• Navigate to a vApp in the inventory and click Edit vApp Settings.
  • In the Deployment section, click CPU resources to allocate CPU resources to this vApp.

Shares

CPU shares for this vApp with respect to the parent’s total. Sibling vApps share resources according to their relative share values bounded by the reservation and limit. Select Low, Normal, or High, which specify share values respectively in a 1:2:4 ratio. Select Custom to give each vApp a specific number of shares, which express a proportional weight.

Reservation

Guaranteed CPU allocation for this vApp.

Reservation Type

Select the Expandable check box to make the reservation expandable. When the vApp is powered on, if the combined reservations of its virtual machines are larger than the reservation of the vApp, the vApp can use resources from its parent or ancestors.

Limit

Upper limit for this vApp’s CPU allocation. Select Unlimited to specify no upper limit.

  • In the Deployment section, click Memory resources to allocate memory resources to this vApp.

Shares

Memory shares for this vApp with respect to the parent’s total. Sibling vApps share resources according to their relative share values bounded by the reservation and limit. Select Low, Normal, or High, which specify share values respectively in a 1:2:4 ratio. Select Custom to give each vApp a specific number of shares, which express a proportional weight.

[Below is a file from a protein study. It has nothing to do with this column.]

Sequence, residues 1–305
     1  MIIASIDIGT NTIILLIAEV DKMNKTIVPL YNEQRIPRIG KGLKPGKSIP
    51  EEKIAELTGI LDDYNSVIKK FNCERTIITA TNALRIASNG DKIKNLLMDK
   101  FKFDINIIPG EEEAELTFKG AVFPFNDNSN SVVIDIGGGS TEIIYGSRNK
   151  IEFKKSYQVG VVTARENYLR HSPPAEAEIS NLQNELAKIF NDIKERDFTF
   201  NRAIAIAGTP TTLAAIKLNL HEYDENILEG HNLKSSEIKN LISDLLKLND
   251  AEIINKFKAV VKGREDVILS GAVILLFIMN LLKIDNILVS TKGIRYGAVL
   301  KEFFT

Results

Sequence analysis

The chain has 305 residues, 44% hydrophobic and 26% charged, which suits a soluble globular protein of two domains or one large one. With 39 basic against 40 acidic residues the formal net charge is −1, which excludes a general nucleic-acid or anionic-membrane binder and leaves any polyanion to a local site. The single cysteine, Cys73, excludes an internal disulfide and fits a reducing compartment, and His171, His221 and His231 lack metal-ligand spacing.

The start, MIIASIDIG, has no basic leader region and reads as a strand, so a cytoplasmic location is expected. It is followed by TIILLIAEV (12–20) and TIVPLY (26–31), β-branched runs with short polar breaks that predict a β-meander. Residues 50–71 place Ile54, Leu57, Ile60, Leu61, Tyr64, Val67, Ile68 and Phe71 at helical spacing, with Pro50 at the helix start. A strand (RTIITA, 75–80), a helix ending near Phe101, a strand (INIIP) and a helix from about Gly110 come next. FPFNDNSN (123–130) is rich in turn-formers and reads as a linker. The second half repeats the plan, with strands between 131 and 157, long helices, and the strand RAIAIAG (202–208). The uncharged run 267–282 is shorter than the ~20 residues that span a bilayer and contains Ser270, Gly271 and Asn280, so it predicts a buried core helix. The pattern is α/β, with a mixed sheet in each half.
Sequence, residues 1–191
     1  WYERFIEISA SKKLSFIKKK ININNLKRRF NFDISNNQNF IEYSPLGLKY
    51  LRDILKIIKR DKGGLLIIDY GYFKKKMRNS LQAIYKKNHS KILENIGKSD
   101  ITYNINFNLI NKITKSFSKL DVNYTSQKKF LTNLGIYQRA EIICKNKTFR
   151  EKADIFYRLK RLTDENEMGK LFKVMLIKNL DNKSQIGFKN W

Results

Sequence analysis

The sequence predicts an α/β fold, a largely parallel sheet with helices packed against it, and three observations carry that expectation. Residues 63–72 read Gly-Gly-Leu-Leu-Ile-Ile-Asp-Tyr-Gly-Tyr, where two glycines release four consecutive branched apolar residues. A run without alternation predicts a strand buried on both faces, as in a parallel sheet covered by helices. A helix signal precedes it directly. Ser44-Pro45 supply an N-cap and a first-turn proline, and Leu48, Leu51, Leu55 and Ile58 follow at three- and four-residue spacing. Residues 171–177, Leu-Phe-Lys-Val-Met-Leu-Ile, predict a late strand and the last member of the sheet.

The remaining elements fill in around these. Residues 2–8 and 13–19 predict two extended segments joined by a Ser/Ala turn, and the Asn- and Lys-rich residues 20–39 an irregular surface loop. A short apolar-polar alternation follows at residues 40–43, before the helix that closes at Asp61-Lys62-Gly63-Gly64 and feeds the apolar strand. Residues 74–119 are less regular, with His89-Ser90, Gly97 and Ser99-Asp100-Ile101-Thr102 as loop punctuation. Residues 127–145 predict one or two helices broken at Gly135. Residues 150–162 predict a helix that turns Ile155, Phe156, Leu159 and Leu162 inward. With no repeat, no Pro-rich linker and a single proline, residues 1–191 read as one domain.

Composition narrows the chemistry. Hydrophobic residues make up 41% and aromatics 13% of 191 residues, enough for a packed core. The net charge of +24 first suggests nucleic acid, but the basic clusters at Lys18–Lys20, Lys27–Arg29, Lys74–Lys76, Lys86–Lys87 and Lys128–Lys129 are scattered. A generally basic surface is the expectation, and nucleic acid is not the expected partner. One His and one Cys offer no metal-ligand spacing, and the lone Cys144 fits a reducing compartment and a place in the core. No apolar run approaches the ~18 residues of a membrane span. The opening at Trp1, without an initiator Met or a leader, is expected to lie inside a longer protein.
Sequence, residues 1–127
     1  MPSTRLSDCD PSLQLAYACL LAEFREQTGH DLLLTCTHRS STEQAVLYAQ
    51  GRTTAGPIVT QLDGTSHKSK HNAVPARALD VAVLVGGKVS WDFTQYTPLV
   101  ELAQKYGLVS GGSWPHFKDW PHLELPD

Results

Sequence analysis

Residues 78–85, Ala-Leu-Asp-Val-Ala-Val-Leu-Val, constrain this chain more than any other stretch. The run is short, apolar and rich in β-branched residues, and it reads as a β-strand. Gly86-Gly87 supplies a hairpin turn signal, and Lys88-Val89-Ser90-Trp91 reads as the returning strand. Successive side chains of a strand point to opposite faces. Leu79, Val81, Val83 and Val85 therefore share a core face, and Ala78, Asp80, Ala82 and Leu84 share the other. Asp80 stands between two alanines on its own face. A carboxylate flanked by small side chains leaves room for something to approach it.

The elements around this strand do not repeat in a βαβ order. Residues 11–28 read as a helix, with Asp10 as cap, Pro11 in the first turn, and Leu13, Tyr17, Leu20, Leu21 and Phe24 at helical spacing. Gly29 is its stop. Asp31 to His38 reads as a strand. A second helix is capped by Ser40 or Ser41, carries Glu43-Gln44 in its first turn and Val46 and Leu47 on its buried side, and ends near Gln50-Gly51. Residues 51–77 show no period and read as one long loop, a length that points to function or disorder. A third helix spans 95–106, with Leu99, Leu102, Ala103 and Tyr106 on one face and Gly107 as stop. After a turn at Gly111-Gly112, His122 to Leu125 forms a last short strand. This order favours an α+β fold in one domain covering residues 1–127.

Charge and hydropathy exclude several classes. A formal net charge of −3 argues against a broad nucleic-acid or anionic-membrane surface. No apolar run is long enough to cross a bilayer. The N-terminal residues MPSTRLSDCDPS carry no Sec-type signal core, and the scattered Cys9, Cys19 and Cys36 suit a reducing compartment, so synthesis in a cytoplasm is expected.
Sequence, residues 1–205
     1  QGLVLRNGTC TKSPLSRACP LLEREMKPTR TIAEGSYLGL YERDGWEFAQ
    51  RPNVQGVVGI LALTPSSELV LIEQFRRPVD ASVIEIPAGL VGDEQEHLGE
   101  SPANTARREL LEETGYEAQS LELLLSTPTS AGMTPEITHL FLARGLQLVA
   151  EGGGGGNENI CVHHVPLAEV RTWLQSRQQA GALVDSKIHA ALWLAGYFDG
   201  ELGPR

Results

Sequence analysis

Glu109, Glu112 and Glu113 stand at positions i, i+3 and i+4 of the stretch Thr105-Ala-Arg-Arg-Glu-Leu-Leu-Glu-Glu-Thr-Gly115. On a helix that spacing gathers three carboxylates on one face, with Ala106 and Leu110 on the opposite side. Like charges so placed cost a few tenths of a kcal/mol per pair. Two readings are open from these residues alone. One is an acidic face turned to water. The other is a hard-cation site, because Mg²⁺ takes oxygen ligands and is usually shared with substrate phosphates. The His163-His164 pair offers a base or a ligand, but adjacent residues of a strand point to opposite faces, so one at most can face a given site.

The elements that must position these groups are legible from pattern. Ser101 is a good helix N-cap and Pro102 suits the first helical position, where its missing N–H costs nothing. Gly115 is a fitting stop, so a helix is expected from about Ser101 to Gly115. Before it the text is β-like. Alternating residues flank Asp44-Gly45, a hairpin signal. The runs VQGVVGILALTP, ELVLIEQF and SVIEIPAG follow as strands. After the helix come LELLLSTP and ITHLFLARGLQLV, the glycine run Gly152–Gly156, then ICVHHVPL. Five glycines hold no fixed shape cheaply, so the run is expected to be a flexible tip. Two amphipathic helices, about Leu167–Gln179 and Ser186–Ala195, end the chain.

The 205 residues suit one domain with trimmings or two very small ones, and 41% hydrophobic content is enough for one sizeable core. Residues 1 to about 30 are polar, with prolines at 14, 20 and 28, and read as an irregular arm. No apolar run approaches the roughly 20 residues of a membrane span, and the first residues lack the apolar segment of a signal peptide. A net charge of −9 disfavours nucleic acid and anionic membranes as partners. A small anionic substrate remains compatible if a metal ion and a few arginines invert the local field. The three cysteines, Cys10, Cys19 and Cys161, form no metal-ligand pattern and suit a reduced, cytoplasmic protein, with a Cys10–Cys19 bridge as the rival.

Reservation

Guaranteed memory allocation for this vApp.

Reservation Type

Select the Expandable check box to make the reservation expandable. When the vApp is powered on, if the combined reservations of its virtual machines are larger than the reservation of the vApp, the vApp can use resources from its parent or ancestors.

Limit

Upper limit for this vApp’s memory allocation. Select Unlimited to specify no upper limit.

  • Click OK.

 Create/Remove a Resource Pool

Create Resource Pool

  • In the vSphere Web Client navigator, select a parent object for the resource pool (a host, another resource pool, or a DRS cluster).